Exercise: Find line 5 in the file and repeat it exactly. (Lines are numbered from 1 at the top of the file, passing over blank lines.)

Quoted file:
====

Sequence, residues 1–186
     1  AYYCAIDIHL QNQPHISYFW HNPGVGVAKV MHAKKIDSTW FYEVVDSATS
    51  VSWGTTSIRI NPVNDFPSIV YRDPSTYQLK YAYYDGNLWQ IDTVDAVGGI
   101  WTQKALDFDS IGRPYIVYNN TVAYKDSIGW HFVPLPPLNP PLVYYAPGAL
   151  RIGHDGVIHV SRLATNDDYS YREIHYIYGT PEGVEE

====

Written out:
   151  RIGHDGVIHV SRLATNDDYS YREIHYIYGT PEGVEE